The Truth About Multitasking

Multitasking is highly overrated and counterproductive.

Contrary to popular belief, multitasking may not be an effective way of getting things done.

While it may be highly praised and in great demand, especially in the workplace, recent research shows that not only does it take a serious toll on productivity, but it can also become a harmful habit to our health and quality of life.

In the short run, multitasking can help us deal with urgent situations and adapt to chaotic circumstances by being able to think fast and respond quickly. However, in the long run, it is not sustainable. Burnout is inevitable as we run out of energy and motivation. We are human beings and not built like machines that can endure endless hours of numerous tasks. 

First of all, our brains are not wired for handling multiple things at the same time. 

When we are multitasking, what is actually happening is that our brain is bouncing back and forth between tasks in rapid succession; this should be called task switching instead. 

Studies have shown that each time we switch gears, our overall productivity rate gets reduced by 20%. It ends up taking more time to complete the task thus slowing us down and decreasing the quality of our work.

The ironic part is that the more we multitask, the less work we end up doing. As our workload keeps on multiplying, the more we think we have to keep on multitasking. This becomes a frustrating never ending cycle of mentally and physically taxing our system. We cannot perform at our best while we are forcing our brain to go in different directions all at the same time.

Apart from draining our cognitives reserves, constant task switching comes with other detrimental effects:

  • Multitasking dulls our reaction time, our intelligence, and our ability to knows what’s important and what’s not. By not setting priorities, it can decrease our ability to focus.
  • As we are frantically juggling multiple tasks, we might miss out on important details and thus making us more prone to making mistakes and becoming absentminded.
  • Multitasking compromises our memory and inhibits our creativity.
  • The constant interruptions lead to stress, anxiety, and depression.
  • Feeling overwhelmed and under constant pressure, may cause the illusion of being super busy but at the end of the day we feel exhausted and behind on our work. This can lead to procrastination and mental fatigue.
  • Multitasking is not good for relationships. As we end up using extra energy to play catch up, our interpersonal skills and social needs suffer as we have no time or energy to pay attention to the important people in our lives.


Your brain works best when focusing on one thing at a time.

Opting to focus on one task at a time can benefit and balance many aspects of our lives by enhancing the quality of our work and making the tasks more enjoyable.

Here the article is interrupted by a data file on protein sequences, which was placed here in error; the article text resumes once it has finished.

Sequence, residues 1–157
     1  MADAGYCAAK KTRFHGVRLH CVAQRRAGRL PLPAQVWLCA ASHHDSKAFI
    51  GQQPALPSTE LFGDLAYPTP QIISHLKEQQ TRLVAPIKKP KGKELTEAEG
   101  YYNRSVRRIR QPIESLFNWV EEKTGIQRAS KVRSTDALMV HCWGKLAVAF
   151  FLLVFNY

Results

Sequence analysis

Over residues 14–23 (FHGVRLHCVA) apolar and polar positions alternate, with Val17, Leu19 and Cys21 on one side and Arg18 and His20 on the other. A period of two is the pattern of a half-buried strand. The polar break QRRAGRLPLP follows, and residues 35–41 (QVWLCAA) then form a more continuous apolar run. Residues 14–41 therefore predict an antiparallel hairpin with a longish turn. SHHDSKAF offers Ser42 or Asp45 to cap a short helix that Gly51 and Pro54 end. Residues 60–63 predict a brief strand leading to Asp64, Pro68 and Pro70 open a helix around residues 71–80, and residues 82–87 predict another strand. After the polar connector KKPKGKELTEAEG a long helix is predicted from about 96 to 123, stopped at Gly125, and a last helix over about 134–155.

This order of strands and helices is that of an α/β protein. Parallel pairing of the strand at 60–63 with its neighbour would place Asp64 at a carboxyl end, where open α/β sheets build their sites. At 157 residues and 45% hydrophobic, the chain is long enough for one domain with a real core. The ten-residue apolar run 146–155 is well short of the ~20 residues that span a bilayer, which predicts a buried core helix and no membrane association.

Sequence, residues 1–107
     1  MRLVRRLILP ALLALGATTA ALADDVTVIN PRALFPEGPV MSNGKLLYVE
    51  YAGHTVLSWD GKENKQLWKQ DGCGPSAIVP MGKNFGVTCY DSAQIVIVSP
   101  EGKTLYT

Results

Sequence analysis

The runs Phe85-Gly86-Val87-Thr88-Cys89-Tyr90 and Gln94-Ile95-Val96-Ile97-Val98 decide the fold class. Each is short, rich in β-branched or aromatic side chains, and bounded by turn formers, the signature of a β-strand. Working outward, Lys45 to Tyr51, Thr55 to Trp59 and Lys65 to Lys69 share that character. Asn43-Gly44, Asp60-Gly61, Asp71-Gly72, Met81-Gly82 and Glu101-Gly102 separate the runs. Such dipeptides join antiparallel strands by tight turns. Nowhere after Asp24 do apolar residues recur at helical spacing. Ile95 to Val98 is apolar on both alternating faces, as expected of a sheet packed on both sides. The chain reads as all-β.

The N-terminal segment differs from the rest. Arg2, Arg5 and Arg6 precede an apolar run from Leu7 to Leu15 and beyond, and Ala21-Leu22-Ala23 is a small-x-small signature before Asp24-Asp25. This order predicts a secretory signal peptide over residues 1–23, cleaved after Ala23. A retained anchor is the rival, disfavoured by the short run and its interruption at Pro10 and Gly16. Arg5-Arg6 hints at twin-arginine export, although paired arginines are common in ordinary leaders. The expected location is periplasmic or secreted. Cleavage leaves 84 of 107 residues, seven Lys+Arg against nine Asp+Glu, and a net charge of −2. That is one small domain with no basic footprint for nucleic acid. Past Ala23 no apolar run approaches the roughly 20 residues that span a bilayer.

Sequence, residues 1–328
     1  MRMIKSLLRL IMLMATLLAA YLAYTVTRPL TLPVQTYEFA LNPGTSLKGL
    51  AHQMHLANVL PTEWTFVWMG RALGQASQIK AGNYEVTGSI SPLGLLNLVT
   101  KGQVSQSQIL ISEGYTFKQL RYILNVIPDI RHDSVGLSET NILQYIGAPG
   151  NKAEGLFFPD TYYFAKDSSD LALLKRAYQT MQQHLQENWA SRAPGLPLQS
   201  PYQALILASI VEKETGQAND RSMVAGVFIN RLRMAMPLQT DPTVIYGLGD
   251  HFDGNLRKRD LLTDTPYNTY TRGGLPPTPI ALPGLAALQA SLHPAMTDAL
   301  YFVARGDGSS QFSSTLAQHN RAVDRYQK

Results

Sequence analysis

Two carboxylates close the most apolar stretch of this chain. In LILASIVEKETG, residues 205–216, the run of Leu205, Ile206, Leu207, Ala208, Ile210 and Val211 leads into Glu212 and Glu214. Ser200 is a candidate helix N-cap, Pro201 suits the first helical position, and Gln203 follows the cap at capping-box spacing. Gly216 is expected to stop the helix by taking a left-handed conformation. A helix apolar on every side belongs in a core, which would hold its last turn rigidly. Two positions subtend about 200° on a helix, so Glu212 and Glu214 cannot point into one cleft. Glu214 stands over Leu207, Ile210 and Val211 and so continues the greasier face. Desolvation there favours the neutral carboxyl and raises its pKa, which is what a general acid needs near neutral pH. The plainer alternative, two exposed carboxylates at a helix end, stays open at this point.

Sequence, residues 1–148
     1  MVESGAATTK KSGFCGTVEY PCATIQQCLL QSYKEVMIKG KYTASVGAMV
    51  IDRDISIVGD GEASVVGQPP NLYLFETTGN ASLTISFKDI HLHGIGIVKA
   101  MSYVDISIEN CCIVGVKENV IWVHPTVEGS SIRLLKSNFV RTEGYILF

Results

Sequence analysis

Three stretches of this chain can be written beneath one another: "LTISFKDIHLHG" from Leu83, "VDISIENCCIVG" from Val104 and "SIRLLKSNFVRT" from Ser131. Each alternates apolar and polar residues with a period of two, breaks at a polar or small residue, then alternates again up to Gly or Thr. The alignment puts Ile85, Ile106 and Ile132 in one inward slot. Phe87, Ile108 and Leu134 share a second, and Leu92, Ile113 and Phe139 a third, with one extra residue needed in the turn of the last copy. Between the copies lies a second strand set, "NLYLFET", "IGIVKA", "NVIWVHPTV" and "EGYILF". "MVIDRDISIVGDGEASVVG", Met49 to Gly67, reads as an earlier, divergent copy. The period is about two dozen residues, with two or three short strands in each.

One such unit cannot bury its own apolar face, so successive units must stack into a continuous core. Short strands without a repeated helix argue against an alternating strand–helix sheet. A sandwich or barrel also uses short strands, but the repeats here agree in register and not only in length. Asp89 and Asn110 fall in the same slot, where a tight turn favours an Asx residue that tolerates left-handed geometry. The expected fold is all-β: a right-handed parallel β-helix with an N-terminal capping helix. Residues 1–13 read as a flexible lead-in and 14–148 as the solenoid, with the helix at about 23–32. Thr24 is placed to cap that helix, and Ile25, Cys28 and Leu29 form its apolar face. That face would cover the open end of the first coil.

• As there is less stress and distractions, we can get into that state of flow, where we can finish what we started. This can also boost our creativity. Ask any writer, artist, or musician about how their most creative and productive works take place when they get into the zone. 
  • By setting clear priorities, we can place our entire attention on the task that needs to be completed by limiting the constant bombardment of interruptions.
  • Set a dedicated time to do focused work so you can do things in batches as well as in bursts. Consider grouping together similar tasks, like working on just paying your bills or just answering your emails. By setting blocks of time, this can allow for better concentration and actually getting more done in less time. 

The Pompodoro Technique helps us work smarter and not harder. We work with time rather than against it. It’s easy as 1, 2, 3 and all we need is a timer. 

  1. Create a list of priorities in order of importance and decide which task we want to work on.
  2. Set timer for 25 minutes and get to work on that one task with no interruptions.
  3. After each interval of 25 minutes, take by a 5 minute break; after 4 cycles, we can take a longer break of 15-20 minutes. 

Working in small increments helps us maintain our focus and motivation. We enhance our planning by using our time more effectively. Plus, we feel better at the end of our day, not only because we are more productive but because we also managed to keep our energy high by refuelling and refocusing. 

When our attention is divided, it becomes difficult to give our full attention to one thing and to be truly present in the moment. We become less efficient and more likely to make errors. 

It may not be as apparent when we are doing mindless tasks like folding the laundry while watching TV.  However, I’m sure we’ve all had the experience of missing our exist on the highway because we were talking on the phone. Or the stakes can become higher or dangerous when we take on more complex tasks, like trying to text while driving. Besides, think about this; we wouldn’t want our surgeon to be multitasking while he/she is operating on us.

Break the habit of multitasking by harnessing the power of single tasking. 

Instead of jumping between tasks and doing shallow work, choose to do more deeply focused work. Instead of wasting time, we are, in fact, saving time. 

Managing our time and energy is our most precious resource. 

Isn’t it time to reconsider the way we work and how to energize our life?

Remember, get more done by doing less.